By Hannah Dreier Associated Press
SACRAMENTO, CA (AP) — Some Californians who lost parents or spouses in the September 11 attacks were unaware of a scholarship program funded by fees from a specialty memorial license plate, while millions of dollars from the plates went to plug the state’s persistent budget deficits.
An aspiring lawyer and an unemployed single mother are among those who say they would have signed up to receive a $5,000 scholarship had they known the program existed.
Other parents say they were told their children did not qualify for the funds, although they appear to have met the criteria.
After the September 11 attacks, lawmakers in California, where all four jetliners were bound when they were hijacked, established a special memorial plate emblazoned with the words, “We Will Never Forget.”
The money raised through the sale of the plates was to provide scholarships to the children of California residents who perished in the attacks and to help fund anti-terrorism efforts.
The Associated Press reported in May that only $20,000 of the $15 million collected since lawmakers approved the “California Memorial Scholarship Program” has been paid out in scholarships.
About three dozen California residents died in the attacks and the state identified 42 people who were eligible for the program.
Documents obtained from the State Treasurer’s Office through a California Public Records Act request show that only 16 individuals from six families signed up by the 2005 deadline. Of these, four have used their scholarships.
In the years since the program closed to new applicants, Gov. Jerry Brown and his predecessor, Arnold Schwarzenegger, borrowed $3 million of memorial license plate money to help plug the state’s budget deficit.
Neither loan has been repaid.
Millions more raised by the plates have been spent on budget items with little relation to direct threats of terrorism, including livestock diseases and workplace safety.
The Associated Press surveyed 23 people who appear to have been eligible for the scholarship and found that 13 did not know about the program and four were told they did not qualify.
Kia Pavloff-Pecorelli, who was pregnant when her husband’s flight back to their Los Angeles-area home was hijacked, said she would have remembered hearing about the scholarship. Now living near her parents in Michigan, she struggles to pay for private school and therapy for her 10 year-old son, who has persistent fears of being orphaned, she said.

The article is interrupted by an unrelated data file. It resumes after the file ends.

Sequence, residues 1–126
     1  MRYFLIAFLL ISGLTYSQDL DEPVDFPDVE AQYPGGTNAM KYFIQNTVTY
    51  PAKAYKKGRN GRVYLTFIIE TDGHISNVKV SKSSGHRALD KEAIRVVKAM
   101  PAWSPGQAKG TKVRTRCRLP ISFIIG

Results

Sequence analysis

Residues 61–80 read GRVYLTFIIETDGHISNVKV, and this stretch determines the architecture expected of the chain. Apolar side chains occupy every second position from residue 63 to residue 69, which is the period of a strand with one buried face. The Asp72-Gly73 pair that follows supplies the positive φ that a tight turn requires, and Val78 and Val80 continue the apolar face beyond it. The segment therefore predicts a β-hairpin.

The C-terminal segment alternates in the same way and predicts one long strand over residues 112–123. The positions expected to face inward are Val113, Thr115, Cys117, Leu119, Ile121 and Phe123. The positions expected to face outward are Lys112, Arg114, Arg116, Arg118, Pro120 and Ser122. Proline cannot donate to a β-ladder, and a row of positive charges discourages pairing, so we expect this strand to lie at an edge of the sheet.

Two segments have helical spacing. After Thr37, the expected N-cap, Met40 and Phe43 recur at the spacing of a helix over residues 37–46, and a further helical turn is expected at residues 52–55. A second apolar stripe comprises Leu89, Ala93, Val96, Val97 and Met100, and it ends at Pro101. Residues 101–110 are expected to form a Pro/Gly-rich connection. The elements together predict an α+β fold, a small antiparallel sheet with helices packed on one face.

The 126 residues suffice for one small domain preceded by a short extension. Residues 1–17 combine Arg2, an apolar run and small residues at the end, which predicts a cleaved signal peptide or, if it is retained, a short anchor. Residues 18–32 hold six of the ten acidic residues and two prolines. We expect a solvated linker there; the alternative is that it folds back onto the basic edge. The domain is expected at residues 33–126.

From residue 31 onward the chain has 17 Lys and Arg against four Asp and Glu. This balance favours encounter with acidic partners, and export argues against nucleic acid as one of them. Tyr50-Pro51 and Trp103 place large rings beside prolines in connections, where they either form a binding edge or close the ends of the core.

“If you didn’t sign up for it, it should just be automatic,” she said of the scholarship fund. “It’s like you raised these funds, why are there so many limitations?”
The 2002 legislation that established the memorial license plates specified that the state would “identify all persons who are eligible for scholarships” and notify them or, in the cases of minors, their parents. Anne Gordon, a spokeswoman for the California Victim Compensation and Government Claims Board, said the agency mailed Pavloff-Pecorelli a letter informing her of the program.
In some cases, the claims board appears to have sent letters to the parents of adult children but not to the children themselves.
Neda Bolourchi, 45, said that had she known about the scholarship she would have used the money to complete law school, which she started attending shortly after her mother was killed in the attacks.
“I’m sure my mom would have been really happy if I’d finished it. But because it’s so expensive, I’ve put my dreams on hold to pay the bills,” she said.
Gordon said the state sent two letters to Bolourchi’s father, an Iranian immigrant who is now 84. But Bolourchi would have had the state contact her directly.
“There’s no excuse to say they can’t find us,” she said “They have all of our information. The FBI, the coroner, the examiner; we had to submit our DNA samples in case they found any body parts.”